Ansible: a SysAdmin’s secret weapon
So what is Ansible? Simply put it is a very reliable open source automation platform.
I use Ansible for various daily tasks including configuration management, deployment and task automation. These are all vital tasks in web hosting. As a SysAdmin at Wirehive I use Ansible every day to remotely make changes to various servers at different locations. The multi-tier deployment capability is probably the most valuable aspect of using Ansible for me. The software is used by many industry giants as it enables them to automate in hours instead of minutes. These include: NASA; Twitter; EA; and Spotify.
So what are the advantages of using Ansible?
Easier to manage
I first became aware of Ansible in 2013 as an open source project started in 2012 to iron out some issues in configuration management. Ansible was appealing because it was simple to use, making automation much faster to implement using a human readable language. The software is agentless, using ssh which is generally more efficient and secure to manage. This makes my job much easier as I am able to deploy apps, manage configuration and orchestrate all from one location.
Easier to configure
By using ssh, Ansible is much easier to configure than its competitors. The ‘human readable’ code YAML (A simple mark-up language) can be modified in any text editor. The advantages of this are: it is easy to read; easy to manipulate; and easy to understand, even for non-tech people.
It basically allows you to create your automation jobs in near plain English. For a more detailed breakdown on language please check out the Ansible docs page.
Finally because Ansible runs over ssh to connect to Linux it also includes remote users on the server. This provides secure communication so you don’t need to store the password locally on the server running Ansible.
Ansible has some unique features:
- It can control networking hardware including load balancers, switches and firewalls
- Communicate with any ssh device.
- Manage storage devices exposing an API or shell interface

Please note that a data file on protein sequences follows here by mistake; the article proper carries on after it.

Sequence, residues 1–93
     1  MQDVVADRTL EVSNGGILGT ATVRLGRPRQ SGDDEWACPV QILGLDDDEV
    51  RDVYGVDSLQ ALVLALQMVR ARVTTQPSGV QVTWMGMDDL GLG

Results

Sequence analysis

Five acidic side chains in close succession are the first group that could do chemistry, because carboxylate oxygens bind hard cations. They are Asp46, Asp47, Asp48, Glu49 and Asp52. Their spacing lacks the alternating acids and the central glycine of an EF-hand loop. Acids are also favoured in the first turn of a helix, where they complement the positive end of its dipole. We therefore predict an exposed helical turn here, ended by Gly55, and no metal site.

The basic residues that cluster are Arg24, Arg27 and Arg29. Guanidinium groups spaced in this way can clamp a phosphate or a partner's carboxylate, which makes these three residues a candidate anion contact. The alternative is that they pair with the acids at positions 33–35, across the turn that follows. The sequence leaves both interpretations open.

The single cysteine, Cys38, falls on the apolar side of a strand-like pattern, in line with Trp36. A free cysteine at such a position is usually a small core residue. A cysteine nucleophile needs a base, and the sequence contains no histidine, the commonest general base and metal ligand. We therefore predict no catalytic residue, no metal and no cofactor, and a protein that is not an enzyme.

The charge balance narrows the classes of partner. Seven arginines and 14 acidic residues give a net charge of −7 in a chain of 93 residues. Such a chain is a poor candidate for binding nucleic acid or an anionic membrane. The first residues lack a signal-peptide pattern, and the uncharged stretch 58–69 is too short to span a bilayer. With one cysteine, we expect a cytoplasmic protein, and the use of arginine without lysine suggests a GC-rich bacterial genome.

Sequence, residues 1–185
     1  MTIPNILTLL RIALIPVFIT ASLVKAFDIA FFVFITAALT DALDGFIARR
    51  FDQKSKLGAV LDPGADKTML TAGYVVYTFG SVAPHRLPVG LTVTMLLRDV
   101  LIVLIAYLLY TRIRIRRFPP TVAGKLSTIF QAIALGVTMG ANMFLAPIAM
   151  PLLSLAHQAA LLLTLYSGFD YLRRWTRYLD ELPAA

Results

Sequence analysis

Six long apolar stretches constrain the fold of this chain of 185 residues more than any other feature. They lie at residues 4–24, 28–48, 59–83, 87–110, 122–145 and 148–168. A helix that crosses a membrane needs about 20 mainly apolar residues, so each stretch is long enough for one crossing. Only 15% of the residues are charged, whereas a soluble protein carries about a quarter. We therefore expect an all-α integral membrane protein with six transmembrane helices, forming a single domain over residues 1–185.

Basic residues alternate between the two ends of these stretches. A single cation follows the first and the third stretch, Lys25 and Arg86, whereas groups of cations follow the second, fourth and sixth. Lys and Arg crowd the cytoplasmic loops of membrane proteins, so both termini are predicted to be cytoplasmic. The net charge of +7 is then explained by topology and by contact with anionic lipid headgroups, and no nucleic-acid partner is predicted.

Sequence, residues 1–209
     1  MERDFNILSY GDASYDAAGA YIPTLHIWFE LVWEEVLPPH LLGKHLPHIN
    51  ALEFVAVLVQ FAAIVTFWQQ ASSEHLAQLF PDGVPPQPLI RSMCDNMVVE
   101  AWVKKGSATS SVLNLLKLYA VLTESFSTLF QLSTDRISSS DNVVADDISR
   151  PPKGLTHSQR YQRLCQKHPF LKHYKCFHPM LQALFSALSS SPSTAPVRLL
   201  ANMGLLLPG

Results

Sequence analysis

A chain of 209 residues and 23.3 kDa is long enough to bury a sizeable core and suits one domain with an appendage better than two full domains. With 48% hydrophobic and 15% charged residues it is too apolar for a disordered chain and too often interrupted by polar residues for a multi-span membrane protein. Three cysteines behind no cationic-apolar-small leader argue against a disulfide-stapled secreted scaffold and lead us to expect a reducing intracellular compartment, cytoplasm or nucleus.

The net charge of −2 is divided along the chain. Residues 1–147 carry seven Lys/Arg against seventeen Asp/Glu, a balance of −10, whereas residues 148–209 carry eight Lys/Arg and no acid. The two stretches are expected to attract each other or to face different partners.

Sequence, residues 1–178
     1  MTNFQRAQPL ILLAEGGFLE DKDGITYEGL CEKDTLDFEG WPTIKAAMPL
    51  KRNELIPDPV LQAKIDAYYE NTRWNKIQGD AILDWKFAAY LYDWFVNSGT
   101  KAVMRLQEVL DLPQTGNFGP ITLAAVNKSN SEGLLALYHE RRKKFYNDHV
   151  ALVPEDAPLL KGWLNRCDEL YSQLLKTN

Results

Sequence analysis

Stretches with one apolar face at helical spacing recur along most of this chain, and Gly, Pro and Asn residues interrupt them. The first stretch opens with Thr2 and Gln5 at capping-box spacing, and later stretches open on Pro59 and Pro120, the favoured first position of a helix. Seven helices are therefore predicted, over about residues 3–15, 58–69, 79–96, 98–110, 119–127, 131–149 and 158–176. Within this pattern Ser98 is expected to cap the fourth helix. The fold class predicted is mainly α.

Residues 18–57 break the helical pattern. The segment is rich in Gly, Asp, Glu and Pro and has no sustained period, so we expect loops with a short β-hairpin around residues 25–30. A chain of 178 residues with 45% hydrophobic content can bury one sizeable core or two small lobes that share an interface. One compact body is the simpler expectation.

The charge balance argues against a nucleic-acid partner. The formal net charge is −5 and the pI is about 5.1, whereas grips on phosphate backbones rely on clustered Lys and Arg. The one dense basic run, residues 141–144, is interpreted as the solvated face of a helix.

However, Ansible’s main advantage and the thing that makes it so useful in my opinion, is the ability to orchestrate numerous tiers together rather than separately. It simplifies my tasks meaning I can give more time and dedication to helping our customers.
So are there any downsides?
The only negative element of Ansible stems from constantly upgrading to the latest version. We tend to update the software and the tools available constantly which involves a lot of re-writing. In fact once we have finished an upgrade it is often time for another! We take the time to do this because it enables Ansible to run at optimum speed which keeps our systems running efficiently ensuring a better, more reliable service to our customers.
My top tips for using Ansible
My top tips for using Ansible are basic but very effective.
- Keep things simple – keep your configuration simple because things can get complicated fast.
- Make use of short and custom commands – using short or custom commands can help make life a lot easier as well as saving you a lot of time long term.
I will be attending AnsibleFest 2015 this year in London for the latest updates on the project. We have used Ansible from an early stage and it has been great to see them grow and adapt, becoming stronger and more widely used. I’ll report back on my findings later in February.
For more information about AnsibleFest 2015 click here.